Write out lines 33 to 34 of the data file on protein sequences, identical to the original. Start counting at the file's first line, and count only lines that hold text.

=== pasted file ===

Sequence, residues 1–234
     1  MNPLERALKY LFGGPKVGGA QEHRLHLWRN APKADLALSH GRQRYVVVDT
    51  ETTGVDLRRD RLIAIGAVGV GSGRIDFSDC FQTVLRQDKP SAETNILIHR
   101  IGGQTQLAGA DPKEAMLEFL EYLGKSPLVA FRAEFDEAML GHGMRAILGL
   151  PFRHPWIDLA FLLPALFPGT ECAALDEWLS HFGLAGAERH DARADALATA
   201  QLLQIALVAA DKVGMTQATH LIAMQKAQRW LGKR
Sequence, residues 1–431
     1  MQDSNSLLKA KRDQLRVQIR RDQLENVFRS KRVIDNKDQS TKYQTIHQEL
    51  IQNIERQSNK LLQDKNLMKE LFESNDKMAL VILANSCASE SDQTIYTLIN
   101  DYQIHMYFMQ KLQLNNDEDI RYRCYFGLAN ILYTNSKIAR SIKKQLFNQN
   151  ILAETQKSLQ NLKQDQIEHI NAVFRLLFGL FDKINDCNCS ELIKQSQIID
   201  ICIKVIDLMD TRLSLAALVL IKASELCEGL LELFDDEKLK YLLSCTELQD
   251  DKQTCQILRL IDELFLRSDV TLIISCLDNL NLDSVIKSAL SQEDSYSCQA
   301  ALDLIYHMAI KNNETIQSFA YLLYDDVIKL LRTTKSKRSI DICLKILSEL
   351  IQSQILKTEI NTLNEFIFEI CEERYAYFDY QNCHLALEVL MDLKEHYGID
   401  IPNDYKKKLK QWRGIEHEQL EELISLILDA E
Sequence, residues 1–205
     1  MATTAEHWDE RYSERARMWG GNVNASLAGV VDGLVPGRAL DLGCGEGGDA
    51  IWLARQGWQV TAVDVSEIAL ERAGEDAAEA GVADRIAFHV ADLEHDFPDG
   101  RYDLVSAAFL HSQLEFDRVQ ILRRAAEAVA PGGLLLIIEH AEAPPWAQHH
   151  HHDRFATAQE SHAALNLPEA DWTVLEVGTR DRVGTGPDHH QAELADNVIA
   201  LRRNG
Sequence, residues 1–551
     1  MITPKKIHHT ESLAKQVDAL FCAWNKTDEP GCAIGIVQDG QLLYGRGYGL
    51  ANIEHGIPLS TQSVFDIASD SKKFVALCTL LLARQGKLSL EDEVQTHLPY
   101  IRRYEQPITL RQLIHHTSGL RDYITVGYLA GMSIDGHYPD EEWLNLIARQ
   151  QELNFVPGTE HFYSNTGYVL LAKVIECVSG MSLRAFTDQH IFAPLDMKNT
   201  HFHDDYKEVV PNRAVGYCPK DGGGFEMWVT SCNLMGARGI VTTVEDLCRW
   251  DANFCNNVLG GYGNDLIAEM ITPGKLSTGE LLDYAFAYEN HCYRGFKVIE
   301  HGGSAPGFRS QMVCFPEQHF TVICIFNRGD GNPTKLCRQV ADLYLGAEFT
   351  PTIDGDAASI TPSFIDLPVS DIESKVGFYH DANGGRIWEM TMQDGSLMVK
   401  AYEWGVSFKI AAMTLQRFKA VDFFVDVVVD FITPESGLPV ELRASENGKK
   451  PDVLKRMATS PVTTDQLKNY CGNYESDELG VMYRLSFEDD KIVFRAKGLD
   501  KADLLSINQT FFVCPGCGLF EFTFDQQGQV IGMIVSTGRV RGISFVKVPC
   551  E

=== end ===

   451  PDVLKRMATS PVTTDQLKNY CGNYESDELG VMYRLSFEDD KIVFRAKGLD
   501  KADLLSINQT FFVCPGCGLF EFTFDQQGQV IGMIVSTGRV RGISFVKVPC